As explained above, when we work a metal below the recrystallisation temperature, there is accumulation of a kind of material damage at the atomic level, through the pile-up of dislocations. However this is not necessarily a bad thing. Many useful engineering objects are deliberately cold-worked as part of the manufacturing process to achieve improved properties. One common example is fencing wire. It is cold-drawn in the final stages, before being galvanised (plated with zinc) and coiled ready for sale. The cold working stages increase the yeild stress of the wire, meaning we can pull harder on the wire before it deforms plastically (stretches). That's helpful when you are stringing a fence. However the cold working does not increase the ultimate strength of the material. So in a sense, cold working uses up some of the safety margin of the material. If a very strongly cold worked material is overloaded, it could well just break like a brittle material with no warning. So we try to design cold working as a compromise. A little bit can be good: too much could be dangerous.

The advantages of cold working are
  • A better surface finish may be achieved;
  • Dimensional accuracy can be excellent because the work is not hot so it doesn't shrink on cooling; also the low temperatures mean the tools such as dies and rollers can last a long time without wearing out.
  • Usually there is no problem with oxidative effects such as scale formation. In fact, cold rolling (for example) can make such scale come off the surface of a previously hot-worked object.
  • Controlled amounts of cold work may be introduced.
  • As with hot working, the grain structure of the material is made to follow the deformation direction, which can be good for the strength of the final product.
  • Strength and hardness are increased, although at the expense of ductility.
  • OH & S problems related to working near hot metal are eliminated.

However
  • There is a limit to how much cold work can be done on a given piece of metal. See the discussion above about accumulation of damage in the form of piled up dislocations. There are ways to get around this problem, see below.
  • Higher forces are required to produce a given deformation, which means we need heavily built, strong forming machines (= $$$).

A neat trick: cold work then normalise

Cold working has many advantages and is very much the more common type of metal forming. However if a large overall deformation is desired, how can we do it using only cold working? The answer is: do some cold work, then put the object through a heat-treatment cycle to relieve the atomic-scale damage caused by the cold work. This is called annealing or normalising the metal. It is done by heating the metal object above the recrystallisation temperature, waiting a few minutes, then allowing it to cool. Of course we have to pay for the energy to do the heating.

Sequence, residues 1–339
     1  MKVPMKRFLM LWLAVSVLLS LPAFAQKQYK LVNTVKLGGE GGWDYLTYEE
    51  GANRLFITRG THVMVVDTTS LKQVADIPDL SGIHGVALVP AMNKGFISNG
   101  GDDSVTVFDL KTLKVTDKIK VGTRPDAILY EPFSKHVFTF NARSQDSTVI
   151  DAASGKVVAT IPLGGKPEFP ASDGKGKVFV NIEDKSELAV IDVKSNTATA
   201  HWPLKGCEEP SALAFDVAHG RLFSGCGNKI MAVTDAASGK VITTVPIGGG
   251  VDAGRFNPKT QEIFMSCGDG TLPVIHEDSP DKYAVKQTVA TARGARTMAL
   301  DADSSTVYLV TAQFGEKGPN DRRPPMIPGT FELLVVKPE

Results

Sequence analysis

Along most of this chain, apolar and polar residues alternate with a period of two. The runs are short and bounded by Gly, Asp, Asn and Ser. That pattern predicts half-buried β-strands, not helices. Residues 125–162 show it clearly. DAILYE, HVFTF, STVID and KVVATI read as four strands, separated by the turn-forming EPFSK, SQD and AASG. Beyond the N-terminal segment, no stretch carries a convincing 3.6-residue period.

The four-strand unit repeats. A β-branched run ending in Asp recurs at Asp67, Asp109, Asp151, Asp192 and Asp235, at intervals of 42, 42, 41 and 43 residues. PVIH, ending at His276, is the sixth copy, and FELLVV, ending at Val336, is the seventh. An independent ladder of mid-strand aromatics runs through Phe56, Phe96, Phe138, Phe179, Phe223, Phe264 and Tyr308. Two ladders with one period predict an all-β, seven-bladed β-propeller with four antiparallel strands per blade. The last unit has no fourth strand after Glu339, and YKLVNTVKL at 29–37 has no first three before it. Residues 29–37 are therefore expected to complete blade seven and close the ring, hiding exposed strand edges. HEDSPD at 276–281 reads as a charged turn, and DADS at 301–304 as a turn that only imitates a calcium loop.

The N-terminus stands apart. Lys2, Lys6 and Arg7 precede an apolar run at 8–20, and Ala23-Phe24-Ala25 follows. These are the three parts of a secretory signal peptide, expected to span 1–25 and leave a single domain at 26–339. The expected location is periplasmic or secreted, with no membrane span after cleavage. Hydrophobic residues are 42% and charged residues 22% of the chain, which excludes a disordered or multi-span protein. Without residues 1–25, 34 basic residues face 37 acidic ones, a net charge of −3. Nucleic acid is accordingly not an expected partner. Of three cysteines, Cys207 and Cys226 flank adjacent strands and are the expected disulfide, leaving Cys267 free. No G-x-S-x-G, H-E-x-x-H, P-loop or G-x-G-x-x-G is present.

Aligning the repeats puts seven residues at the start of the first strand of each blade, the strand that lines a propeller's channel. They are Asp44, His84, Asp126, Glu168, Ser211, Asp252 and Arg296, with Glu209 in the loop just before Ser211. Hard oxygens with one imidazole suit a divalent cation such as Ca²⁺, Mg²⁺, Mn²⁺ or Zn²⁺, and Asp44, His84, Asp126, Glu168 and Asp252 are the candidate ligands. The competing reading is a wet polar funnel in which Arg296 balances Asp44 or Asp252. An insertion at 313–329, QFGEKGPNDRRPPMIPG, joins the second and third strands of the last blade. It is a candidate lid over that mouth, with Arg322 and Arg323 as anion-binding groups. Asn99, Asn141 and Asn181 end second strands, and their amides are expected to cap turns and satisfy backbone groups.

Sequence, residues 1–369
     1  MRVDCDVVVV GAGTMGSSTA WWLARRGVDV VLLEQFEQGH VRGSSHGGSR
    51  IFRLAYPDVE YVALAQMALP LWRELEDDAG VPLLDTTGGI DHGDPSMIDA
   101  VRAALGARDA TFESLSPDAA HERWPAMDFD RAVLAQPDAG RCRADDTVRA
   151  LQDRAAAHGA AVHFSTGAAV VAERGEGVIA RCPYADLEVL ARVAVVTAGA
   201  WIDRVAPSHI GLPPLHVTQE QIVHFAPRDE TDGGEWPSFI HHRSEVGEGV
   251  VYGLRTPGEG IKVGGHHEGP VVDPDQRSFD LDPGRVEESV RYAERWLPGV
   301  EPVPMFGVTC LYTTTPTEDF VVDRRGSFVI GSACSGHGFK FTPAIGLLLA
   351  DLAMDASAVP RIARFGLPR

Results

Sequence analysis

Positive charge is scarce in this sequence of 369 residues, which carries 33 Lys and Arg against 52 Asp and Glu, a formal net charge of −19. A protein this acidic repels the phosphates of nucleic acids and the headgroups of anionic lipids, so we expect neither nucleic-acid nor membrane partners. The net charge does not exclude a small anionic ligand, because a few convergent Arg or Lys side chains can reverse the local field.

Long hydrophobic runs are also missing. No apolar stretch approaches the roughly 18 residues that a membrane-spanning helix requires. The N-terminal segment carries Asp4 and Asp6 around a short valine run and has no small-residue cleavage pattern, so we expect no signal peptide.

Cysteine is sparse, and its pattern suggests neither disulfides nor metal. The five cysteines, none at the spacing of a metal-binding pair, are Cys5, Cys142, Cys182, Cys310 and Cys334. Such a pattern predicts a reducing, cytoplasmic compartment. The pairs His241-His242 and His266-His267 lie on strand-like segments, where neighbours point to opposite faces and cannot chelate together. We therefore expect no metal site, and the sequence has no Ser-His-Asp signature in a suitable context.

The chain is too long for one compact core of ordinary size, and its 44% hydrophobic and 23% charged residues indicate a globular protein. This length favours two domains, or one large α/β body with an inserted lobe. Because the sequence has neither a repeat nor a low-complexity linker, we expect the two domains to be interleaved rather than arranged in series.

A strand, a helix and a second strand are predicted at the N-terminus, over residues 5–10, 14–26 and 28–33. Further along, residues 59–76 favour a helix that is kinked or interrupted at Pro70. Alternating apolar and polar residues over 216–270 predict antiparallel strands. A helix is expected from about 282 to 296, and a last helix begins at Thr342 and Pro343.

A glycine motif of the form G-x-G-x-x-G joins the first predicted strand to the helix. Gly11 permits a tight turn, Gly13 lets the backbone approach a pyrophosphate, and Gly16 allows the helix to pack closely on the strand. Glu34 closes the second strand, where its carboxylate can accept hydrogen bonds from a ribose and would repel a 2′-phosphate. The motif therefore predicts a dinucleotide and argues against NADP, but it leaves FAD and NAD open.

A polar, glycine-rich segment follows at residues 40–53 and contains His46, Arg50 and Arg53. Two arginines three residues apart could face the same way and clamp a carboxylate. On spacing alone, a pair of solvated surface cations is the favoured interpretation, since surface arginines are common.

This type of cold-work/anneal/cold-work/anneal sequence is used by plumbers who shape copper tube on a building site. When a piece of tube has to bent sharply, it is done in easy stages with a proper annealing between each stage (usually done using a hand-held gas flame). This ensures that metal won't crack during the bending operations.
Think about working with a sheet of lead on a nice warm day in the Australian sun. The lead will likely be above its recrystallisation temperature, with no special heating required. This can actually be very useful. It means you can shape your sheet of lead for hours - bend it back and forth, hammer it out, whatever - and it will probably accept all the deformation with cracking. This is one of the reasons lead sheet was so popular in ancient times as a roofing/guttering material (for those who could afford it). Any strange shape needed could be hammered out of a sheet or even a lump, right on site, and with no special furnaces or other technology.




The advantages of hot working are
  • Lower working forces to produce a given shape, which means the machines involved don't have to be as strong, which means they can be built more cheaply;
  • The possibility of producing a very dramatic shape change in a single working step, without causing large amounts of internal stress, cracks or cold working;
  • Sometimes hot working can be combined with a casting process so that metal is cast and then immediately hot worked. This saves money because we don't have to pay for the energy to reheat the metal.
  • Hot working tends to break up large crystals in the metal and can produce a favourable alignment of elongated crystals (see DeGarmo Fig. 17-4 below).
  • Hot working can remove some kinds of defects that occur in cast metals. It can close gas pockets (bubbles) or voids in a cast billet; and it may also break up non-metallic slag which can sometimes get caught in the melt (inclusions).